When I ask young children what they know about Egypt, the answer is typically pyramids and mummies. When Elaine, a library media specialist who posted a comment on one of our blogs, asks her students what they know about Africa, she hears about animals and the desert.
That is why the first week of Black History Month is Read Africa Week – an effort to change misperceptions about the African continent. And it is a continent, with more diversity among its countries than among the states of our own nation.
In 2008, Brenda Randolph, the librarian who founded the Children’s Africana Book Awards (CABA) and Read Africa Week, reviewed 30 children’s books about Africa and found more than 90 percent showed only rural or village life and jungles. So Brenda titled the article she co-authored with Elizabeth DuMulder in Teaching Tolerance Magazine that year, “I didn’t know there were cities in Africa.” Unfortunately, nine years later, Brenda says little has changed, even though there is more conversation about diverse children’s books and more books about African countries available.
This year’s Read Africa Week focuses on Ghana. There are bookmarks to download and lists of picture and chapter books, CABA winners and adult books – accurate, balanced and recommended by scholars. The first CABA was presented in 1992. Since then, more than 70 titles have been recognized. There are lesson plans and ideas accompanying many of the titles.
Maimunah Marah, the founder of Tutu’s Storybooks – an online and pop-up bookstore in the greater Washington, D.C. area – recommends six ways to introduce young children to Ghana -
- Read Anansi storybooks.
- Read storybooks about mythical characters from the Asante.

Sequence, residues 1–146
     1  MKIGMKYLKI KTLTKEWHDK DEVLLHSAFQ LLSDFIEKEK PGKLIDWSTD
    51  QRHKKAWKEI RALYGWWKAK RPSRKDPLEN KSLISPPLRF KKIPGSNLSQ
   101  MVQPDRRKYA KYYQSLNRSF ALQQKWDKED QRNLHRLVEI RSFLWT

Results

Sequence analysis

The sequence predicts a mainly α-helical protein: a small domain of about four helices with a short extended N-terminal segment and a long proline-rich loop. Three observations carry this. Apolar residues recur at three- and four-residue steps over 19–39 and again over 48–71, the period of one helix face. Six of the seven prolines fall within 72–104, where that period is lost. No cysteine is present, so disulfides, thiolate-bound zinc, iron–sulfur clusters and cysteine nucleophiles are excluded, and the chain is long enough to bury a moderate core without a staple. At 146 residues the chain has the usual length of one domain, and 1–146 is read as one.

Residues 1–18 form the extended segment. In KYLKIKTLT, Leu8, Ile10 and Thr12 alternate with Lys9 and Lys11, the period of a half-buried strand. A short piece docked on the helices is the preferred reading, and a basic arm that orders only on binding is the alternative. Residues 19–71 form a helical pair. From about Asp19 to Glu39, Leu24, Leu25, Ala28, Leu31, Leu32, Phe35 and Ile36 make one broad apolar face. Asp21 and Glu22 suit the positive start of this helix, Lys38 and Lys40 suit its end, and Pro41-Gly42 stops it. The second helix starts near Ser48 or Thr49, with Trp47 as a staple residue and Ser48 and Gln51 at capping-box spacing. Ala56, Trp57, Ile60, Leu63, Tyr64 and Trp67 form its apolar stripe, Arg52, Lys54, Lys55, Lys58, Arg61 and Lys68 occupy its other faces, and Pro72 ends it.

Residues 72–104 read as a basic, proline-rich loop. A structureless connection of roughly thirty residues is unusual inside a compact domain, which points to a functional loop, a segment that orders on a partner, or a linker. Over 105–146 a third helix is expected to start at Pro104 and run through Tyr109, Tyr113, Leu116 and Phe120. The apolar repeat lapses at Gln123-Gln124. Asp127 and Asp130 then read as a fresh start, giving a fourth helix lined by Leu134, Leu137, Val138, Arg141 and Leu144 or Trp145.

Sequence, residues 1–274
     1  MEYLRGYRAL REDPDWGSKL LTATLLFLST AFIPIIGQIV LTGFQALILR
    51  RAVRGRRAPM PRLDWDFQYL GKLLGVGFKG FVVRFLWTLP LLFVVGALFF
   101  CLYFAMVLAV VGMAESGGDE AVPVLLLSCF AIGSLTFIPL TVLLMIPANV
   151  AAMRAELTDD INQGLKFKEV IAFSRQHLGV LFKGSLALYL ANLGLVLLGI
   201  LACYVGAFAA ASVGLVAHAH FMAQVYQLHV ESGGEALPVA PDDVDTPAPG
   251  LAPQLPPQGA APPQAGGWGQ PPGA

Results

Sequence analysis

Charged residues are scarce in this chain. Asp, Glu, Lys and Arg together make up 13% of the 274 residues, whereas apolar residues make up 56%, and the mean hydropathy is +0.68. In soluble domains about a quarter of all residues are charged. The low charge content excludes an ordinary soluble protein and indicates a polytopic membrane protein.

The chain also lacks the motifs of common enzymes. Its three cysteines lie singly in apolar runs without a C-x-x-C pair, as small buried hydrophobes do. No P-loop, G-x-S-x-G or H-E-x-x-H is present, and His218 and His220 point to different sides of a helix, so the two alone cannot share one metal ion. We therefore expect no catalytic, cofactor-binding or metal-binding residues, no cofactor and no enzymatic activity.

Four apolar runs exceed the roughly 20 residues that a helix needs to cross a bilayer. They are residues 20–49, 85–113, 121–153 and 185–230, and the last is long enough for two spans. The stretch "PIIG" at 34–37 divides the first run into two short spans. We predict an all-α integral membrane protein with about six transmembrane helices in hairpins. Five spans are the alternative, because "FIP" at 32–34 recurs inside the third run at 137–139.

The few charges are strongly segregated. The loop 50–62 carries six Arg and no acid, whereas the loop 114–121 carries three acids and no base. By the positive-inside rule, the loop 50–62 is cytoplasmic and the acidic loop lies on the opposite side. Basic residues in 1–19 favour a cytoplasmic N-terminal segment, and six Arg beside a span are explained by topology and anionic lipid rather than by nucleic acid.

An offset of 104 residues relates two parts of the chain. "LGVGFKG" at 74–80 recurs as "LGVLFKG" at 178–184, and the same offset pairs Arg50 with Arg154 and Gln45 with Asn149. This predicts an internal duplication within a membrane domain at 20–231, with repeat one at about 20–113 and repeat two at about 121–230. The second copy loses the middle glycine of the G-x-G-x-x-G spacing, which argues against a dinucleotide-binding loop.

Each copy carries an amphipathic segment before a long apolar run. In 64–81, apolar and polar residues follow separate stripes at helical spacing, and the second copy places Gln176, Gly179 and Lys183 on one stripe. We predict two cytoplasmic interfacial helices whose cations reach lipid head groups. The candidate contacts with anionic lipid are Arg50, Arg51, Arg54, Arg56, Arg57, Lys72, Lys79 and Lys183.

- Read storybooks about Kente cloth.
- Read the Ghanian version of a classic tale.
- Read storybooks set in modern-day Ghana.
- Read stories by Ghanian authors.
Maimunah suggests specific books in each category in her blog. If you know others, please add them in a comment below along with any activities or projects you work on with students.
The importance of building children’s awareness of people who live in other places and in different ways cannot be overstated. Stereotypes contribute to racism and xenophobia. As Brenda wrote in Teaching Tolerance, “If the next generation of students develops a deeper and more respectful understanding of African countries, then our foreign relations and policies will follow suit.”
A few other tips when teaching and talking about Africa -
- Use specific country names.
- Use regular language (“house” and “people,” not “hut” and “tribe.”
- Share contemporary stories as well as folktales.
- Highlight everyday modern activities.
- Don’t forget about North Africa, including Morocco, Libya, Tunisia, Algeria and of course Egypt – which is why we were honored to accept a CABA award for Hands Around the Library: Protecting Egypt’s Treasured Books in 2013.